Easy Way to Tension Your Fixed Gear Chain

Easy Way to Tension Your Fixed Gear Chain

Maintaining proper chain tension is crucial for fixed gear riders. If the chain is too loose, it can be a safety hazard and can also shorten the life of the drivetrain. On the other hand, a chain that is too tight can be less efficient and put unnecessary stress on the drivetrain. In this article, we will provide an easy method for correctly tensioning your fixed gear chain.

Why is Chain Tension Important for Fixed Gear Bikes?

Before we dive into the steps for tensioning your chain, let's take a moment to understand why chain tension is so important for fixed gear bikes.

First and foremost, having a chain that is too loose can be a safety hazard. If the chain falls off while you are riding, it can cause you to lose control of the bike and potentially crash. This is especially risky on a fixed gear bike, as you do not have the option to coast or pedal backwards to slow down or stop.

chain extension adjustment

In addition to being a safety issue, having a loose chain can also shorten the life of your drivetrain. When the chain is not properly tensioned, it can cause the chainring and cog to wear down more quickly. These components are not cheap to replace, so it is in your best interest to keep your chain properly tensioned in order to extend the life of your drivetrain.

On the other hand, having a chain that is too tight can also be problematic. A tight chain can be less efficient, as it requires more force to pedal. This can make riding more difficult and can also put unnecessary stress on the drivetrain components.

With these considerations in mind, it is important to maintain the proper chain tension on your fixed gear bike. Now, let's discuss how to do so.

Step 1: Check the Chain Tension

The first step in tensioning your chain is to check the tension itself. You want about one inch of slack in the chain when you lift it up and down. This rule of thumb has worked well for many riders, but you may prefer a little more or less slack depending on your preference.

To measure the slack in your chain, lift the chain up and down with your hand. You can use a ruler or a tape measure to measure the distance between the highest and lowest points of the chain. Aim for about one inch of slack in both directions.

If you find that your chain is too loose, you will need to tighten it. If it is too tight, you will need to loosen it. In the next step, we will discuss how to make these adjustments.

Step 2: Check the Wheel Alignment

Next, make sure that the wheel is centered in the frame. You can use the chainstay as a reference point to ensure that the wheel is not skewed to one side or the other.

To check the wheel alignment, stand the bike up and look at it from the side. The wheel should be centered between the chainstays and should not be tilted to one side or the other. If the wheel is not centered, you will need to adjust it.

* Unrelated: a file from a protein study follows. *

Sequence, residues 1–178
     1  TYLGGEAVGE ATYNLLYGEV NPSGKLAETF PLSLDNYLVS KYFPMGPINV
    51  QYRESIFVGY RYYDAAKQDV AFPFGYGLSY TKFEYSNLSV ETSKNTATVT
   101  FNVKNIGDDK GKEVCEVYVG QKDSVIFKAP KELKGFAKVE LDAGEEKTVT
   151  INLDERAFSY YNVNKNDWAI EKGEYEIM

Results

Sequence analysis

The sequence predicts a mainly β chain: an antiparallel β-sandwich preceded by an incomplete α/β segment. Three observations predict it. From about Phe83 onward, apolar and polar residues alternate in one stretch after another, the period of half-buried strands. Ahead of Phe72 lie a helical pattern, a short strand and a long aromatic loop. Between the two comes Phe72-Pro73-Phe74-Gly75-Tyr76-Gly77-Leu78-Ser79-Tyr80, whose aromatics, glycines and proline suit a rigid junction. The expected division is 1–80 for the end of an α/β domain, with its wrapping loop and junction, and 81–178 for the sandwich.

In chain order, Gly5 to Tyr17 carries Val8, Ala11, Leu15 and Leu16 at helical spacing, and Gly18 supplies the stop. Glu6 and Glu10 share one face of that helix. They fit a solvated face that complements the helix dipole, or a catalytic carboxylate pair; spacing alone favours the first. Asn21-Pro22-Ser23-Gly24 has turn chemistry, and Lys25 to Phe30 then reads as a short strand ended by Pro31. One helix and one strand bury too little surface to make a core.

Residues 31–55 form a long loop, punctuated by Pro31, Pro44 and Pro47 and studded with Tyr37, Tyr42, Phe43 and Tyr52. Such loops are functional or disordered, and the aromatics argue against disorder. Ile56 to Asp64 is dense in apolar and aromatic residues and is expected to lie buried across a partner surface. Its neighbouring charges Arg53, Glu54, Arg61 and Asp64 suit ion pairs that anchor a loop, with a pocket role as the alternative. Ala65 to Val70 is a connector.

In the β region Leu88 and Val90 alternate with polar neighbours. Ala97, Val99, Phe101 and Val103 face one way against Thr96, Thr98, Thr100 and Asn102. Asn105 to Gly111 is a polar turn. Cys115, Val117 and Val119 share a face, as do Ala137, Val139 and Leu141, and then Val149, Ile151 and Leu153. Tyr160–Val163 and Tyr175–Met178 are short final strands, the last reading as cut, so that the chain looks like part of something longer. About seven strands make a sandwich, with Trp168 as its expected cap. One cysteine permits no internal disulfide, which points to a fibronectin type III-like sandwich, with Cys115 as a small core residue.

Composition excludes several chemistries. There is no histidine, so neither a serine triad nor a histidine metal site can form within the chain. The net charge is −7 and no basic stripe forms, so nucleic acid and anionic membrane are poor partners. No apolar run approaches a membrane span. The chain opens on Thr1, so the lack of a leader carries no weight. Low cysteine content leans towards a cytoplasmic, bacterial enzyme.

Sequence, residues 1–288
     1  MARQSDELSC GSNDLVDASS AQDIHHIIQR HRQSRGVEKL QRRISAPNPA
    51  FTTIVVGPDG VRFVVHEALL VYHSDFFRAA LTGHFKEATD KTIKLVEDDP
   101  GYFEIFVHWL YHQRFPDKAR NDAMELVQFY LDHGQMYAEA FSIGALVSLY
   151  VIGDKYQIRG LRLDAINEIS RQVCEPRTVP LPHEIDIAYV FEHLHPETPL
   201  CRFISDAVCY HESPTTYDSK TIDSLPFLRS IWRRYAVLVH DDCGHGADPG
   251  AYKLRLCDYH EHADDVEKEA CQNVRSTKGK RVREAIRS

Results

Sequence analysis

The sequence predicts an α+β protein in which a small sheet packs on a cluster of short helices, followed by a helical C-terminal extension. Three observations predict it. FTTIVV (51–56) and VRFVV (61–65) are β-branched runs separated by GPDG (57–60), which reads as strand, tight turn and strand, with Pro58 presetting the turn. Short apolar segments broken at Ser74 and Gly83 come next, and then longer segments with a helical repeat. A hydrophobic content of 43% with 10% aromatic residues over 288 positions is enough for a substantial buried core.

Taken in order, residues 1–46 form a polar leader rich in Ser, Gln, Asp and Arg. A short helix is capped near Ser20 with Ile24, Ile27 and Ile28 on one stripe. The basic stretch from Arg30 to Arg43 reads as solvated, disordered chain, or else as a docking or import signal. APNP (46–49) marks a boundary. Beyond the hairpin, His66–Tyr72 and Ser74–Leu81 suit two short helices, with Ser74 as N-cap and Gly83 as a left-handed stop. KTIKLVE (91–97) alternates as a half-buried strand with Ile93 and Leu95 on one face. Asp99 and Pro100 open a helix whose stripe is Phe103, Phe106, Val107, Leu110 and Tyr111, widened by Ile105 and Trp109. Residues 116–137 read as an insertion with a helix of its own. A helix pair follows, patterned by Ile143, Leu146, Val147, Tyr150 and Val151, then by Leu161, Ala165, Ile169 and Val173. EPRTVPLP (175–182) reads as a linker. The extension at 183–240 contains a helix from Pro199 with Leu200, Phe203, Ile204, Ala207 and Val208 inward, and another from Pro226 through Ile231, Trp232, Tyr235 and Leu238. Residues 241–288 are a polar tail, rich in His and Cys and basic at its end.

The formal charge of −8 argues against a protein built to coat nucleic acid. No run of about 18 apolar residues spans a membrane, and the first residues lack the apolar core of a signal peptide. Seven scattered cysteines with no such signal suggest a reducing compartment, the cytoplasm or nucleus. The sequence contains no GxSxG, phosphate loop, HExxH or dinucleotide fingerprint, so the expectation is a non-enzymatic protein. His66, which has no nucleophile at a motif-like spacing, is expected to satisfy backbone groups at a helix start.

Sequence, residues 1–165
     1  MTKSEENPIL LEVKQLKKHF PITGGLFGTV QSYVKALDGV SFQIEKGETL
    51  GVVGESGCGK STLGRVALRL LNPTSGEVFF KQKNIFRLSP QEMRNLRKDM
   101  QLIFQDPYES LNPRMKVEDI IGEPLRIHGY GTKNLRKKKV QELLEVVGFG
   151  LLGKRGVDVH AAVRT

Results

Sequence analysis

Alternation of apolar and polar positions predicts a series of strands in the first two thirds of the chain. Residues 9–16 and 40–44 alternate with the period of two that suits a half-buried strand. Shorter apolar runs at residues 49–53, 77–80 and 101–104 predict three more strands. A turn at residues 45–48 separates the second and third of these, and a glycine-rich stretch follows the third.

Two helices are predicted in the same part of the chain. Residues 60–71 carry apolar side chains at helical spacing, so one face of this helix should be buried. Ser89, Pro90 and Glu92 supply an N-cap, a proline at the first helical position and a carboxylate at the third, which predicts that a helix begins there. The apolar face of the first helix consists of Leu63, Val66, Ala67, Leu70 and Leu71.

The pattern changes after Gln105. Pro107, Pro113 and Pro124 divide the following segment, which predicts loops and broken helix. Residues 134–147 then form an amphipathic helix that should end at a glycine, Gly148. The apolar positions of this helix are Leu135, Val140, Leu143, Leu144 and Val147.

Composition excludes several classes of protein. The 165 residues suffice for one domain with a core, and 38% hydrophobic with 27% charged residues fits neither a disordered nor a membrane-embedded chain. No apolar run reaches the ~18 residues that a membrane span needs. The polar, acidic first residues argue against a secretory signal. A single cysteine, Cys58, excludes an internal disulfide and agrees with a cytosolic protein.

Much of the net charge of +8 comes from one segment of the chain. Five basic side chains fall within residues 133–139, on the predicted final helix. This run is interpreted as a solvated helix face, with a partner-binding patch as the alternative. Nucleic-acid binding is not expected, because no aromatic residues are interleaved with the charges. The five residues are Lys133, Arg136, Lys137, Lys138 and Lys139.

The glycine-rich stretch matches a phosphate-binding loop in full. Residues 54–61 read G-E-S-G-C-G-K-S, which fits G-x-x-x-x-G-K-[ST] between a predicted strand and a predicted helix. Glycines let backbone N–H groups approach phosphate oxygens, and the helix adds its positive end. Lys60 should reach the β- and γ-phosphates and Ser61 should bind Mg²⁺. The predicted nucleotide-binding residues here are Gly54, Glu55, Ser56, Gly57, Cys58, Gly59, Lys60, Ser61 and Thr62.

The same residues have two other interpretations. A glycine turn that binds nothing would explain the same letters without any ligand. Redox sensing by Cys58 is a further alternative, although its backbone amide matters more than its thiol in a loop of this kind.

To adjust the wheel alignment, loosen the nuts that hold the wheel in place. Then, using your hands, gently push or pull the wheel into the desired position. Once the wheel is centered, tighten the nuts to hold it in place.

Step 3: Tighten the Wheel Nuts

Once you have the chain tension and wheel alignment adjusted to your liking, it is important to make sure that the nuts holding 

the wheel in place are tightened enough. This will prevent the wheel from slipping when you are riding, which can be especially problematic when climbing hills or sprinting.

To tighten the wheel nuts, use a wrench to turn them clockwise. You will need to apply enough force to secure the wheel in place, but be careful not to overtighten the nuts, as this can strip the threads or cause other damage.

Step 4: Make Adjustments as Necessary

Once you have checked all three of these points, take the bike for a test ride to see how it feels. If the chain is still too loose or too tight, make the necessary adjustments and test ride again until you achieve the desired level of tension.

It is also a good idea to check and adjust the chain tension regularly to ensure that it stays in good condition. This can be done as part of your regular bike maintenance routine, or whenever you notice that the chain feels loose or too tight.

Tips for Maintaining Proper Chain Tension

In addition to following the steps outlined above, there are a few tips that you can follow to help maintain proper chain tension on your fixed gear bike:

  • Use a chain tensioner: Some fixed gear bikes come equipped with a chain tensioner, which is a small device that allows you to adjust the chain tension without moving the wheel. If your bike has a chain tensioner, be sure to use it to maintain the proper tension.

  • Use a chain whip: A chain whip is a tool that allows you to hold the cog in place while you loosen or tighten the lockring. This can be especially useful when making adjustments to the chain tension, as it will prevent the cog from turning and making it more difficult to loosen or tighten the lockring.

  • Lubricate the chain regularly: Keeping the chain lubricated can help to reduce friction and wear, which can in turn help to maintain proper chain tension. Be sure to use a high-quality chain lubricant and follow the manufacturer's instructions for application.


Maintaining proper chain tension is crucial for fixed gear riders. Not only is it important for safety and efficiency, but it can also help to extend the life of your drivetrain. By following the steps outlined in this article, you can easily tension your fixed gear chain and ensure that you have a smooth and efficient ride.


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